Colin Mills, compiler of the Hortus Camdenensis, died in late November 2012 after a short illness. As he always considered the Hortus his legacy, it is his family's intention to keep the site running in perpetuity. It will not, however, be updated in the near future.

Gordonia altamaha Sarg.

Deciduous shrub or small tree with toothed oblong leaves and solitary, cup-shaped white flowers, to 8cm across, in late summer.  To 9m.  [RHSD, Hortus].

Horticultural & Botanical History

Gordonia Altamaha is not now known to grow anywhere naturally. It was discovered by John Bartram in 1765, during one of his journeys through the southern states, near Fort Barrington on the Altamaha River in Georgia, occupying with Pinckneya pubens an area of two or three acres. William Bartram, who had accompanied his father during the journey of 1765, revisited the Altamaha River eight years later, and again in 1778, and collected roots and seeds of the beautiful flowering tree which had so impressed his father and himself that they had thought it worthy of the name of Franklinia, which they proposed for it in honor of their distinguished friend and neighbor, Benjamin Franklin. Dr. Moses Marshall visited the same locality in 1790 and saw Franklinia. No botanist since 1790, however, has seen the plant growing wild, and all efforts to find it in the original locality or elsewhere have been unsuccessful.

Gordonia Altamaha was introduced into gardens by the Bartrams, and reached England as early as 1774. In cultivation it forms a low spreading shrubby tree, with a short stout trunk covered with smooth dark brown bark. It is hardy in the United States as far north as Philadelphia, and flourishes in England and in central Europe. It grows well in rich light loam near water, and may be propagated by layers.’ [Sargent – Silva of North America vol.1, p.45, pl.XXII/1891].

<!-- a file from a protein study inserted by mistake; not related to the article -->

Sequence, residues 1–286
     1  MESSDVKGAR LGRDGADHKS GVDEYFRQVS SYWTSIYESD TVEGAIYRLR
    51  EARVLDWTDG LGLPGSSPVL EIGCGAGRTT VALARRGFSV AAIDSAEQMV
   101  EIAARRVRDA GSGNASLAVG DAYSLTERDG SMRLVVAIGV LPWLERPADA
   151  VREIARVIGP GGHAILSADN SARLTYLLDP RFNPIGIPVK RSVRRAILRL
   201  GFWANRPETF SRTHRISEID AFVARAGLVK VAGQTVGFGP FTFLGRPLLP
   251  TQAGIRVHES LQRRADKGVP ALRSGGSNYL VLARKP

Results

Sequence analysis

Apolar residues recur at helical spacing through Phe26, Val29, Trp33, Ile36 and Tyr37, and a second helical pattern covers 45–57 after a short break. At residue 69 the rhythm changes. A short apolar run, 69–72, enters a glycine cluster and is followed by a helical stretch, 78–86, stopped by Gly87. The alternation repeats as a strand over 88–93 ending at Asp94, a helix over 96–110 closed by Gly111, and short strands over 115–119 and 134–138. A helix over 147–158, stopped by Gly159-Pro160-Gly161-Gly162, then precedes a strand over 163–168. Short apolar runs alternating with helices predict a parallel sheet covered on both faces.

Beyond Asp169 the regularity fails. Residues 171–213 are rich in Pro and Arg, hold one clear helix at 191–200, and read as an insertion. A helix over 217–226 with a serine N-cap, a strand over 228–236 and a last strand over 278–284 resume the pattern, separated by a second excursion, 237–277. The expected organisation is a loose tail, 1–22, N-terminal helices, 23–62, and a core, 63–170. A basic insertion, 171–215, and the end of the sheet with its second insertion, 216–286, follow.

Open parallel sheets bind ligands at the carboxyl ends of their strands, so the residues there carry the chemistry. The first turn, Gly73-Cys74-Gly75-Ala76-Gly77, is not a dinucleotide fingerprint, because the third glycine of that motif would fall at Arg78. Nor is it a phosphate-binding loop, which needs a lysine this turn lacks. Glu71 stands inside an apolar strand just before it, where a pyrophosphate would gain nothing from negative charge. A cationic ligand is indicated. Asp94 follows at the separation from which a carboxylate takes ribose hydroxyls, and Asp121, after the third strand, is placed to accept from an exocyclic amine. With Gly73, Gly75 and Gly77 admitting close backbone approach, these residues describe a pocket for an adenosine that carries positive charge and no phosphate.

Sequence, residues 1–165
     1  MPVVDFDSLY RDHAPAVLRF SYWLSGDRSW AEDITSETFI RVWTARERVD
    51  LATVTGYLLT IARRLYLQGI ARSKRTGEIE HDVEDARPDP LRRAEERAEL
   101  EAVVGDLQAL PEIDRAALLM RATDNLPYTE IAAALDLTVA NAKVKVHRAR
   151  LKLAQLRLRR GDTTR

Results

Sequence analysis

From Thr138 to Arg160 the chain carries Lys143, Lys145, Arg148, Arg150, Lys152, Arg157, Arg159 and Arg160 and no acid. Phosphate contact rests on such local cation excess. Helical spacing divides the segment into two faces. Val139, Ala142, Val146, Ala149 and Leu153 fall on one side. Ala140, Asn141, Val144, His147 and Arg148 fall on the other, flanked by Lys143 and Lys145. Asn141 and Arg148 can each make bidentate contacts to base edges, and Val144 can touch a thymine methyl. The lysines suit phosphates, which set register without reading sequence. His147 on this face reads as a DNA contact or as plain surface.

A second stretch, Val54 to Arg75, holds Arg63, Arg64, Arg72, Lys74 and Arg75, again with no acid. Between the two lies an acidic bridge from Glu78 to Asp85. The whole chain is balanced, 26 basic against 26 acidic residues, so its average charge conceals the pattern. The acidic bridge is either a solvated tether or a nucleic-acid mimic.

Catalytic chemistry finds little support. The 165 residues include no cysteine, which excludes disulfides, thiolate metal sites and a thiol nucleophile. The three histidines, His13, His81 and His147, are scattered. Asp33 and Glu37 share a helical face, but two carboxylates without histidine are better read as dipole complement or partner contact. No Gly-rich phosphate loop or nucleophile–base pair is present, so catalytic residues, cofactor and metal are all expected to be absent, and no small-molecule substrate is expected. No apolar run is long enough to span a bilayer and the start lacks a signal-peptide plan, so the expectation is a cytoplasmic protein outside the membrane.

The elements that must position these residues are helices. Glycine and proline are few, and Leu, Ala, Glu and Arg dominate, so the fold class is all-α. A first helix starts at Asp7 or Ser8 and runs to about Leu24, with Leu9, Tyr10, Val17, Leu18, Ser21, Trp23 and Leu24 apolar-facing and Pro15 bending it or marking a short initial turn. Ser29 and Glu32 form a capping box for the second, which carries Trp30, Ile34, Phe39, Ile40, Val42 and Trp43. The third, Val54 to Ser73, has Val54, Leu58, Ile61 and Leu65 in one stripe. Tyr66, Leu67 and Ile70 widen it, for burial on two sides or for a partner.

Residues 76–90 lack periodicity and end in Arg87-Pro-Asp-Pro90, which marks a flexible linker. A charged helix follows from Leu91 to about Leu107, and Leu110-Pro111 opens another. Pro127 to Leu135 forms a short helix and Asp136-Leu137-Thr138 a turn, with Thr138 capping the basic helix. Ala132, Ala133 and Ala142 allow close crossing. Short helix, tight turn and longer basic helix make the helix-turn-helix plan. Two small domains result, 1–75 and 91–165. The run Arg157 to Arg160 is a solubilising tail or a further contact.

History at Camden Park

Desideratum to Loddiges’, 6th January 1845.  [MP A2933-2, p.28].  There are no other records and it may not have been grown in the gardens.


Published Mar 31, 2010 - 11:07 AM | Last updated Mar 31, 2010 - 11:13 AM

The line drawing shows toothed, oblong leaves, cup-shaped flowers and flower detail.  Silva of North America pl.LXXII, 1891.

Gordonia altamaha Sarg. | Sargent – Silva of North America vol.1,  pl.XXII/1891 | BHL

Family Theaceae
Region of origin

North America

  • Gordonia pubescens L’Hér.
  • Franklinia altamaha Marsh. 
Common Name
Name in the Camden Park Record

Gordonia pubescens 

Confidence level high